We are all different, with different spiritual challenges and growth opportunities. Generations are different, communities and locations are different, families differ, and so on. When we promote the laws of Judaism, of course we encourage every Jew to obey as much as they can, but we cannot expect every Jew’s religious life to be uniform, nor would we want such a thing. Generations and communities must tailor Judaism to speak to their context and times, all within the framework of the traditional halachic system.

To speak of the Maccabees opposing Greek culture is to miss the point. The Maccabees represent not a battle against, but a battle in favor of – to preserve the spirit of Torah observance and commitment. In their times, for the Maccabees circles, it may have been right to oppose Greek culture in its totality. But in our times that may be the wrong approach. Neither is an illegitimate approach to Judaism. So long as both groups intend to promote Torah study and halachic living, they can reflect the needs of different times.

There’s a story I always think illustrates this point strongly. At a meeting of the rabbis in Eastern Europe the burning debate was whether rabbis should learn Russian – the local language. R. Meir Simcha of Dvinsk, one of the major Torah leaders of the time and the author of classic rabbinic commentaries, was in favor of it, but others, including R. Yisrael Meir Kagan, the Chafetz Chaim – the major leader of European Jewry of the time was opposed. The Chafetz Chaim, who was aging and wasn’t slated to come to the convention, made a dramatic last minute effort to attend in order to oppose rabbis studying Russian.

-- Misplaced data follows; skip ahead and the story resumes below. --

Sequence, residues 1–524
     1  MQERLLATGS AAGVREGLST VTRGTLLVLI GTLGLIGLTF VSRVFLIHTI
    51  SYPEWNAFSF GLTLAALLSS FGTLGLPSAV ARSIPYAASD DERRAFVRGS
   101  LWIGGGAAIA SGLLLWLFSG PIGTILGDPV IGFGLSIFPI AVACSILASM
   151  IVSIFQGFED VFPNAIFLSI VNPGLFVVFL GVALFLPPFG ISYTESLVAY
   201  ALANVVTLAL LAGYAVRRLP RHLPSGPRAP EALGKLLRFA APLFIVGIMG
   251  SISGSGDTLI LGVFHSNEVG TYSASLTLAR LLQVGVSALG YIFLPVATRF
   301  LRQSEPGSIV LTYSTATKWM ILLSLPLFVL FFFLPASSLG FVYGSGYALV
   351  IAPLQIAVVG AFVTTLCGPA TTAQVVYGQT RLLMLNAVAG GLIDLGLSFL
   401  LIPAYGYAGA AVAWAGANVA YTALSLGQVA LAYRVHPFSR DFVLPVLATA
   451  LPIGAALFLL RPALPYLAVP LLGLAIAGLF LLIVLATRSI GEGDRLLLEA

Some authors use this story to illustrate the Chafetz Chaim’s unilateral opposition to secular studies, but I suspect it teaches us something more profound. What was a burning issue a hundred years ago, is largely a non-issue today. It does not mean we have abandoned the Chafetz Chaim’s principles, it means the world has changed. It would be impossible for the Orthodox rabbinate to function today in America – no matter how right-wing – without speaking English. The Chafetz Chaim’s dedication and devotion to Judaism would manifest itself in different ways in America, and that is to be expected and embraced.

Back to our Op-Ed. The idea that the Maccabees opposed the non-observant is superficial. The Maccabees opposed a lack of commitment to Judaism, a lack of concern for God and His teachings, an apathy about the world of the spirit. What they would have thought about Americanized Jews would have depended. If they eat pork and agonize over circumcision, and don’t care for Judaism, then yes, one assumes the Maccabees would have been unhappy. But that same pork eating Jew who agonizes over circumcision, but is on a journey, to learn more, to understand Judaism and relate it to their lives a bit more. That Americanized Jew who takes their Judaism seriously, despite where they are right now, one assumes the Maccabees would have thought of him or her, not as an enemy, but as a fellow traveler.